Stoke Newington pensioner saves dogs from death row

PUBLISHED: 09:00 26 February 2011

Denise Bennett enjoys a walk in Clissold Park with Rocky, the Staffordshire Cross, who was an abused dog she now takes care of.

Denise Bennett enjoys a walk in Clissold Park with Rocky, the Staffordshire Cross, who was an abused dog she now takes care of.


Stray dogs are kept in council pounds for just seven days being killed, and Battersea Dog’s Home alone put down nearly 3,000 dogs last year, mostly Staffies.

Denise Bennett has lost count of the Staffordshire Bull Terriers, Rottweilers and Pitbulls she has saved from dog pounds over the last couple of years.

Stray dogs are kept in council pounds for just seven days being put down, and Battersea Dog’s Home alone killed nearly 3,000 dogs last year, mostly Staffies.

Denise provides a half-way house for one dog at a time in her flat next to Clissold Park, until she is able to find them a suitable home.

“It’s Britain’s shame,” said Denise.

“If this was a poor country like India, the streets would be packed with packs of starving dogs - but because we have paid dog wardens, they pick them up and give them an injection, and people don’t realise there’s a problem.”

Denise is part of a network of dog rescuers, united by email, alerting each other when another slaughter is about to take place.

She got Daisy - a Rottweiler who has now been re-homed - after an email telling her 27 dogs were due to be put down in Kent.

“It was playing on my mind, so I drove down to this place,” said Denise.

“The manager told me to go and choose a dog. I said, “I can’t.” How can you choose one above the other? It’s like a concentration camp.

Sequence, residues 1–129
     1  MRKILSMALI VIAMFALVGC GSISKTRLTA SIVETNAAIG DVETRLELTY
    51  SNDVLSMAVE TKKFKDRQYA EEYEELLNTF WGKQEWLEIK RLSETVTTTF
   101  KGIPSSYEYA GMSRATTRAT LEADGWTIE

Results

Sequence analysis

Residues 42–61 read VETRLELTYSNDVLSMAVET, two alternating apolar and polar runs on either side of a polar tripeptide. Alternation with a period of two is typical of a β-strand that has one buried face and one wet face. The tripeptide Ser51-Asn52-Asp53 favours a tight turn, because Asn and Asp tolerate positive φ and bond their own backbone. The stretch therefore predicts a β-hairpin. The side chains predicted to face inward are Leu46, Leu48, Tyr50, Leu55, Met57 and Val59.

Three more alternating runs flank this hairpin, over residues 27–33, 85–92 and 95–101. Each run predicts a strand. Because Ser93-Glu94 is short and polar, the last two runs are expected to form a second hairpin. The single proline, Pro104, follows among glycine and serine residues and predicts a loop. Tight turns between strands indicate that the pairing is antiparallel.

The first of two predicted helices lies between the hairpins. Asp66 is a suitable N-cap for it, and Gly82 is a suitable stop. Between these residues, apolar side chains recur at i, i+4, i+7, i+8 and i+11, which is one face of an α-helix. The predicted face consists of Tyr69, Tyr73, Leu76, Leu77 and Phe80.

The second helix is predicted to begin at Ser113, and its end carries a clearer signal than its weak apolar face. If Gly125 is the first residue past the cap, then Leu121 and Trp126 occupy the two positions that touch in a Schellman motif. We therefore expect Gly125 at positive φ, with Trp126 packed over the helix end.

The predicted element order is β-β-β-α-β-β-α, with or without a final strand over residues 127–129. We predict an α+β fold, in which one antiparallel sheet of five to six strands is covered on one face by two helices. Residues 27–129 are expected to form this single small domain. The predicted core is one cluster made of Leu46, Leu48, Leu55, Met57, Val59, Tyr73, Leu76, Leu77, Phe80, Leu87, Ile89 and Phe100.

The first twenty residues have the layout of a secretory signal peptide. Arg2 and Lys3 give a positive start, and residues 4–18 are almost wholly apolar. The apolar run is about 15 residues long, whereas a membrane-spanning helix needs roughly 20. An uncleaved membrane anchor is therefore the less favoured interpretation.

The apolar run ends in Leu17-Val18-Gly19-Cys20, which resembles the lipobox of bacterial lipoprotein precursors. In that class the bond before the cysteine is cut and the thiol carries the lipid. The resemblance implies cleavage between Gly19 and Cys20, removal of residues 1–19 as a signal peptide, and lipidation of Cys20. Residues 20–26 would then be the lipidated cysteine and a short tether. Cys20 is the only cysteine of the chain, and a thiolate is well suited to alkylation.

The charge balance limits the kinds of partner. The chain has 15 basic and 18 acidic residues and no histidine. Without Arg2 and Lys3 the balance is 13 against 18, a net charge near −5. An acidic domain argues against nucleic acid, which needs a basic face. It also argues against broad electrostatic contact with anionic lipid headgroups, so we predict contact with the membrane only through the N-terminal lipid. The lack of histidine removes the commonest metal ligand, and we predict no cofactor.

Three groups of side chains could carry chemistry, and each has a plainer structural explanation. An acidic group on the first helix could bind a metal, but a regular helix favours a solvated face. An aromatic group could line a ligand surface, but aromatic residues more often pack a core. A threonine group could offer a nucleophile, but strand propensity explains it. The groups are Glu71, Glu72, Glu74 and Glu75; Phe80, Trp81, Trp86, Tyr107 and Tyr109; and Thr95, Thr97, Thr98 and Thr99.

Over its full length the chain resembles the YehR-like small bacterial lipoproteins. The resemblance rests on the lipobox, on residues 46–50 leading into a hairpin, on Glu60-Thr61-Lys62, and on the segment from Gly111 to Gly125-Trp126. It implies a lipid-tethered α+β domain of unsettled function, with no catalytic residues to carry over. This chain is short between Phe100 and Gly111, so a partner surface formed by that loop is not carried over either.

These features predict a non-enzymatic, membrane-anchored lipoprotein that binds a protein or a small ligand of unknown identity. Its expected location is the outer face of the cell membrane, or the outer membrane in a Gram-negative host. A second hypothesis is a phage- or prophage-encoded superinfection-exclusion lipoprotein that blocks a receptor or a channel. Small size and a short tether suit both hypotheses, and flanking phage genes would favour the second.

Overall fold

“I told him to go and get me one that’s wasn’t going to bite me, and he came out with Daisy - she was bouncing and jumping all over me, and I thought I’m too old for this.”

Denise believes the government should do more to combat the hidden problem, and would like to see compulsory neutering with the exception of owners holding a breeder’s licence.

“I would say 90 per cent on death row are Staffordshire bull terriers, they are being bred and bred and bred, the market’s saturated, they are being dumped left right and centre, and the rescue centres can’t help,” said Denise.

“Without government intervention we are fighting a losing battle,” she added.

In her spare time she raises money for Doris Banham Dog Rescue, a cash-strapped organisation which re-homes death-row dogs with teams of fosterers.

“People are very nice and put money in the pot, saying I’ve got a Staffie, and I say, “Have you got them neutered?” and they say, “Oh no, we want her to have one litter.” I tell them, “Please don’t,” I’m so angry this is allowed to continue and people are so irresponsible.

Doris Banham currently have about 200 dogs on its website for re-homing, again mainly Staffies, and are unable to take any more as they are so saturated.

Denise’s latest pet is a soppy Staffie called Rocky, who likes to sit on her lap.

“They scanned him and rang the owner, and he said I don’t want him,” explained Denise.

“He said he was fed up and to get rid of him, so it’s landed me with a big fat bill.

With vaccinations, worming, de-fleeing, and medication for a skin allergy, Rocky has cost Denise about £150 so far.

“It’s not money I can afford but I find it, it just means I don’t buy something I’d have liked, but it’s not things I need.

“They are lovely dogs, but in the wrong hands, a strong dog like that can be dangerous if it’s let loose on the general public,” warned Denise.

“I have never felt so safe, especially with the Rockweiler, the men would step off the pavement to let me go through.

Animal lover Denise who has campaigned for animal rights for over 30 years, says she prefers cats anyday.

“They are much easier, you don’t have to go walkies, dogs to me are children.

“But I can do this, it’s hands on and I’m making a difference - even if it’s only just for one animal.”

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